Methane: CO2s dark, surly shadow companion.

Methane, (a GHG about 20 to 30% more potent than CO2) also continues to increase rapidly in the Earth’s atmosphere. After a pause in the early years of this century, the accelerated growth resumed in 2008. In spite of the pandemic, the year 2020 showed the greatest increase in atmospheric CH4 in history.

The causes – which are likely a combination of natural and human induced – are not fully understood, but it is utterly clear that fossil fuel emissions and ranching are among them. Atmospheric levels of CH4 have essentially doubled over the past two hundred years, the cause behind as much as 25% of global heating.

Nothing good can come of that.

FUN WITH GLOBAL WARMING STATISTICS

We are inundated by statistics all day long. It can be difficult to assess what they really mean. For example, does the fact that 2018 was only the 4th hottest year on record mean global warming is slowing? Not hardly, in fact, quite the opposite: Please read on.

NOAA, NASA, the European Union’s Copernicus Climate Change Service and Berkeley Earth have all confirmed that 2018 was the 4th hottest in terms of global surface air temperatures. Average Mean Annual Land Surface Air Temperatures were 14.7° Celsius (58.4°F in 2018, just 0.2C (.3°F) off the record year 2016.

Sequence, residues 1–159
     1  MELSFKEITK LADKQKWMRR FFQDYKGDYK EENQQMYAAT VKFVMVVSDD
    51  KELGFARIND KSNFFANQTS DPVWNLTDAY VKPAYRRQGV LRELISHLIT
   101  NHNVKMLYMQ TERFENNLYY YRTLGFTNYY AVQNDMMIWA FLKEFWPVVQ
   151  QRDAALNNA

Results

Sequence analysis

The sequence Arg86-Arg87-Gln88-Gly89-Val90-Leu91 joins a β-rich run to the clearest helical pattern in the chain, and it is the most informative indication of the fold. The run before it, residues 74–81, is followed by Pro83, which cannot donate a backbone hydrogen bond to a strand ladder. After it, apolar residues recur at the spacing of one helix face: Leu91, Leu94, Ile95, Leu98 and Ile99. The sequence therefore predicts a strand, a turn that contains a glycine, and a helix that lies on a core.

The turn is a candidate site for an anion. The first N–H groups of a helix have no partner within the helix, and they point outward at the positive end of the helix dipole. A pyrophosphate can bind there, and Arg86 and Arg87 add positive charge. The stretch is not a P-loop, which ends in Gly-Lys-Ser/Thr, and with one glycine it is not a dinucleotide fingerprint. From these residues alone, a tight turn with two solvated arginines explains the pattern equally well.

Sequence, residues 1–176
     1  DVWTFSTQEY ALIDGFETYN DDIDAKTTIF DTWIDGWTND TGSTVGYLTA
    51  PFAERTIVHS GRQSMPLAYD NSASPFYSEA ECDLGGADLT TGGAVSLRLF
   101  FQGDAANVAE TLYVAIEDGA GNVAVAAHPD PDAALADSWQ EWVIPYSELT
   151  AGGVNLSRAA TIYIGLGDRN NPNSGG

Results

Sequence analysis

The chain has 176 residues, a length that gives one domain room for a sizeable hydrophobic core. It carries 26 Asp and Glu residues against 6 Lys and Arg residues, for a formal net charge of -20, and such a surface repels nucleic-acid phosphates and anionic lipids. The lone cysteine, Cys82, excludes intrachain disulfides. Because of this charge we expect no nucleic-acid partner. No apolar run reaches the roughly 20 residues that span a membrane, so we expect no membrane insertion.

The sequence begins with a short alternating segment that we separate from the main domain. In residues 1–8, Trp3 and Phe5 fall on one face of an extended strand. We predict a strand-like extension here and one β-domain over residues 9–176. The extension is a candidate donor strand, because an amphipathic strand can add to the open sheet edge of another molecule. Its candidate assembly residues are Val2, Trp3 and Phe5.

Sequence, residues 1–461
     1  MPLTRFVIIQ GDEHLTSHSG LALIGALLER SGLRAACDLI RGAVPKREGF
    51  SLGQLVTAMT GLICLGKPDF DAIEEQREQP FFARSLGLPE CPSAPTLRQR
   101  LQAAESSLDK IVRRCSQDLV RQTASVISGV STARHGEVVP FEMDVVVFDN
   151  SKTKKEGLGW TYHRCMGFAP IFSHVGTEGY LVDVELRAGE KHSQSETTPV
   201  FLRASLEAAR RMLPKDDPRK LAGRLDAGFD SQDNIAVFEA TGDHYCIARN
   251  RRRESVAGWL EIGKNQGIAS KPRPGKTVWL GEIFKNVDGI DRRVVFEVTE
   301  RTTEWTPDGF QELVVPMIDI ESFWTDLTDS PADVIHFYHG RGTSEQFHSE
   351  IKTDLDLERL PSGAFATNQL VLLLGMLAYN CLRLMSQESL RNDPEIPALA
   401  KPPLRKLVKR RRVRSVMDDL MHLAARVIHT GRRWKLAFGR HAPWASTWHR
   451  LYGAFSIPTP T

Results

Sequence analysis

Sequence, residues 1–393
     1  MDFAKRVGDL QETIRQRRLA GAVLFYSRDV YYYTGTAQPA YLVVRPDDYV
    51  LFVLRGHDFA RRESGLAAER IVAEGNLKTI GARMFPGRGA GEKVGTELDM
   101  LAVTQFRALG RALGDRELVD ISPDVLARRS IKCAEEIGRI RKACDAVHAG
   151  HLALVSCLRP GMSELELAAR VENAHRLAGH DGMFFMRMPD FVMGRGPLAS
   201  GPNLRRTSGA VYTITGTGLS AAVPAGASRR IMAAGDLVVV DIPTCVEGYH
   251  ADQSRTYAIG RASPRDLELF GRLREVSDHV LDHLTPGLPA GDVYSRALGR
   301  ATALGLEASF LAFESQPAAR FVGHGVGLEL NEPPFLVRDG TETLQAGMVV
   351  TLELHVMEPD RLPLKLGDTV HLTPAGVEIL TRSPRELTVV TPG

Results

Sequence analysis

According to Berkeley Earth, in 2018 about 4.3% of the planet set new local records for the warmest annual average, including significant areas in Europe and the Middle East.

The five warmest years have been 2014, 2015, 2016, 2017 and 2018 (not in that order). The ten hottest years have occurred since 1998. While there are variations in the details, other agencies from around the planet report remarkably consistent overall results.

2018 was a La Niña year, a natural oceanic temperature cycle that alternates with El Niño. La Niña years are virtually always cooler than El Niño years. The fact that 2018 made it into the top five is all the more alarming for that reason. BTW, an El Niño appears to be forming, although prediction is not 100% accurate.

The next statistic is more troubling:

2018 was the warmest year on record for global ocean temperatures. 

Polar Ice Primer

Over past two decades, the ocean has been warming about 40% faster than previously understood. To a large degree, that is because the oceans have been acting as a buffer, storing the heat trapped by greenhouse gases and temporarily delaying the onslaught of global warming. As the planet has warmed, the oceans have provided a sort of climate change cushion.